• 1/3 of adoptive families have a relatively seamless transition.
  • 1/3 of adoptive families have significant challenges but are able to deal with them and/or overcome them.
  • 1/3 of adoptive families face such difficult circumstances that the family collapses.*

1/3 of adoptive families collapse?!  That is an absolutely HUGE number!  I knew this process was difficult.  I never considered that it would cause my family to collapse.  I think I just had this underlying expectation that since I was doing God’s will, though the process may be difficult for a while, it would ultimately be successful and we would be one big happy family.  I never even considered that might not happen.  I know that being armed with information and being connected with those who have done this before, as well as being connected with professionals, increases our chances of being in the 2/3 of families with successful adoptions, but the chance of being in that bottom 1/3 still remains.  How will this affect my other children?  Will my daughter, Daniela, grow up to resent her parents because we brought in a child who destroyed the family?  Will I grow to resent that child and I feel that he or she ruined our lives?  I know, I know.  That’s a horrible thing to think and most people would never even say it, but I have to be honest with myself.  I am a fallen human being and I am capable of these sorts of thoughts and emotions.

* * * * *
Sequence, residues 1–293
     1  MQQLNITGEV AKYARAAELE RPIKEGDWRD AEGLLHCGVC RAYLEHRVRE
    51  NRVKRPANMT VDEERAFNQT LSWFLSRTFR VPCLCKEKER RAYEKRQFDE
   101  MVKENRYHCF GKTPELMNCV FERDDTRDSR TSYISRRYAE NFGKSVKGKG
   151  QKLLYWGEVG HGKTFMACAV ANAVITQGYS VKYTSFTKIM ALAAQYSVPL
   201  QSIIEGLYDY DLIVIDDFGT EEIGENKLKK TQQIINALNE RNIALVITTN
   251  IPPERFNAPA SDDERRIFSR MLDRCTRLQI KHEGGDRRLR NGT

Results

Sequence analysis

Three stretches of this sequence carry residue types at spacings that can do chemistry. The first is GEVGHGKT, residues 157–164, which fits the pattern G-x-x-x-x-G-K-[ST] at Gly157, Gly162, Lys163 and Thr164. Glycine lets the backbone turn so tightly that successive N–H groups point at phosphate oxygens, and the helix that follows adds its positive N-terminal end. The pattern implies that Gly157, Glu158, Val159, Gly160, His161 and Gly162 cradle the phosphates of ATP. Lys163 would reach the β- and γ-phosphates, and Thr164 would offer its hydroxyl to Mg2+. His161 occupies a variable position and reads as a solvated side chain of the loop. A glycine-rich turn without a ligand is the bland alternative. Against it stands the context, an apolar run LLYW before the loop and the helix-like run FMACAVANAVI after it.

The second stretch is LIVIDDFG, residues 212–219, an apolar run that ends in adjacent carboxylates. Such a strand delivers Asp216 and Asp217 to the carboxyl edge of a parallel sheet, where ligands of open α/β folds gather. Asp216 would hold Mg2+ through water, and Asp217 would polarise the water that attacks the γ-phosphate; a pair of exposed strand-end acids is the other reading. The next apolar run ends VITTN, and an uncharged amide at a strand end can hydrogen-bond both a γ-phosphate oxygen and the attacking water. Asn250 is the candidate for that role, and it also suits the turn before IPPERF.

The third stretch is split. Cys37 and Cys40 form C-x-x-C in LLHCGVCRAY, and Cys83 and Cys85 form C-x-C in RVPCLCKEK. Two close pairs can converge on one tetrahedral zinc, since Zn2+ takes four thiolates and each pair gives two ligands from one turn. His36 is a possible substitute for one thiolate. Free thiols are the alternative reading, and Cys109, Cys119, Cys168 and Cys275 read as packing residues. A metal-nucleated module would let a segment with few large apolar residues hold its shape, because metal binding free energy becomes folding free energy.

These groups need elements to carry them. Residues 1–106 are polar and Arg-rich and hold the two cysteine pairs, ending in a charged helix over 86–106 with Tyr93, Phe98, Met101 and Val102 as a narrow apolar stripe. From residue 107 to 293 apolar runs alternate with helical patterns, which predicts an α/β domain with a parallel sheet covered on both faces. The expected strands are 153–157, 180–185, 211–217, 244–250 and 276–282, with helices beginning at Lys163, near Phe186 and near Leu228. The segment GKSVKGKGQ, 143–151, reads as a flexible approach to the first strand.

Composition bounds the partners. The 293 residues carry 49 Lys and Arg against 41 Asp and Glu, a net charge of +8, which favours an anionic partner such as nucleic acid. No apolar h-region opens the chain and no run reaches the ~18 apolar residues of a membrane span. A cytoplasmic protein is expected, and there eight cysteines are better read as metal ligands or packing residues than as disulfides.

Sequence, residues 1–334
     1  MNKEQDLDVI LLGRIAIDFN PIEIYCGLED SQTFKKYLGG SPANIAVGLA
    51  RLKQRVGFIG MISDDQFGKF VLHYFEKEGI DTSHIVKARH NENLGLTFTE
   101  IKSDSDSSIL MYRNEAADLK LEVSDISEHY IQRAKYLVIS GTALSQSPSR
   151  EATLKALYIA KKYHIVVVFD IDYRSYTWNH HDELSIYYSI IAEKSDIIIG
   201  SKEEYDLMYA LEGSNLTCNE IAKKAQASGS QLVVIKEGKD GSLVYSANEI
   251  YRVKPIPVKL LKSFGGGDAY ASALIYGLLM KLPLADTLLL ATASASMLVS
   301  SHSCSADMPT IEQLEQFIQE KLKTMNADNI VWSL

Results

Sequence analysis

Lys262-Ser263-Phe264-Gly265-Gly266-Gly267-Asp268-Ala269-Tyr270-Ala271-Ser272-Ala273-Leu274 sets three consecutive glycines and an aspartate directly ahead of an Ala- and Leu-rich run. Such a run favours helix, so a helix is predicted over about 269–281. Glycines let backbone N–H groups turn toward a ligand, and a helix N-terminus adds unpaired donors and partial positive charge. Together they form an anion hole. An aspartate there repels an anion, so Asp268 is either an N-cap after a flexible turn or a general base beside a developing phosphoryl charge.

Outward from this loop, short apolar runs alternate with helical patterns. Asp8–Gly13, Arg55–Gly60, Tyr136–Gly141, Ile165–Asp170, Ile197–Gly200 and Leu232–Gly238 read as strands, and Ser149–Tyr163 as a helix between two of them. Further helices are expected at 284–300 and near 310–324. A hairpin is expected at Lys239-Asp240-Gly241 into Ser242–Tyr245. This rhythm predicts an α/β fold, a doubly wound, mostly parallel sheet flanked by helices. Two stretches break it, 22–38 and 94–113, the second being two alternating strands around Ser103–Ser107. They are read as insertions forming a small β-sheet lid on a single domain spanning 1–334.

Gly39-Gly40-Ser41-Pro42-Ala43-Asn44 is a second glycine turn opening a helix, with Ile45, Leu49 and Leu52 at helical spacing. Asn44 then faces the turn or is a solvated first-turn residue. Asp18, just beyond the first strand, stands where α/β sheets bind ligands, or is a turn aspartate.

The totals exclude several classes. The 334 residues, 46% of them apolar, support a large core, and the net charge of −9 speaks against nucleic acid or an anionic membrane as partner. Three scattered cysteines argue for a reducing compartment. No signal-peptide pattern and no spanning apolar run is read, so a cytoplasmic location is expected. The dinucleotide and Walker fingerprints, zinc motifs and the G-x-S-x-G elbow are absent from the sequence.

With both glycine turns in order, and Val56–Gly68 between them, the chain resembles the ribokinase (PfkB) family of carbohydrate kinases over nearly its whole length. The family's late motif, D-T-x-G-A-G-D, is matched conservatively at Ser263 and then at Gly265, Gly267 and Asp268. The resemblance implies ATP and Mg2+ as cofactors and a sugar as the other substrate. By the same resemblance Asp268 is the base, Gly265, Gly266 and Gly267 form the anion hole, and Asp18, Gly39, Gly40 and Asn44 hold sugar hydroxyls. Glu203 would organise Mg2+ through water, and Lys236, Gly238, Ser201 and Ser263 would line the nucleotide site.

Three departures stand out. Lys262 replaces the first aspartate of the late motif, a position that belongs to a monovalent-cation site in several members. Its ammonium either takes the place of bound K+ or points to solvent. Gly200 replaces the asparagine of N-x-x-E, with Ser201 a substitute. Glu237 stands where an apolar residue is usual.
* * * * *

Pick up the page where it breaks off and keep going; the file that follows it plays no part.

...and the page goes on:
On the flip side, God is able to love all of His children unconditionally–regardless of how we behave.  Something the Lord has been teaching me for the last several years is that I have to depend on Him for literally EVERYTHING!  He can give me the ability to love this child.  Furthermore, I have to look at the benefits my family would receive from adoption.  These children will teach us all about the strength and vitality that God has created within the human race.  They will give us an opportunity to serve selflessly and to love someone the way that God loves us.  They will give us the opportunity to experience greater depths of the love of God, as God loves the “little ones” with a ferocity we can not imagine. And I’m sure there are a thousand other things I’m not thinking of right now.

All in all, I still think adoption is worth it, but before we bring a child home, I need to come to terms with the risks I am taking and trust God as if my life depends on it (because it actually does!)

*Statistics courtesy of Dr. Karyn Purvis, Empowered to Connect.

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I got a call yesterday from a very good friend.  She asked me why I haven’t written any blogs lately.  My answer?  I’m really bad at this stuff!  So, thank you, Jordan, for keeping me accountable.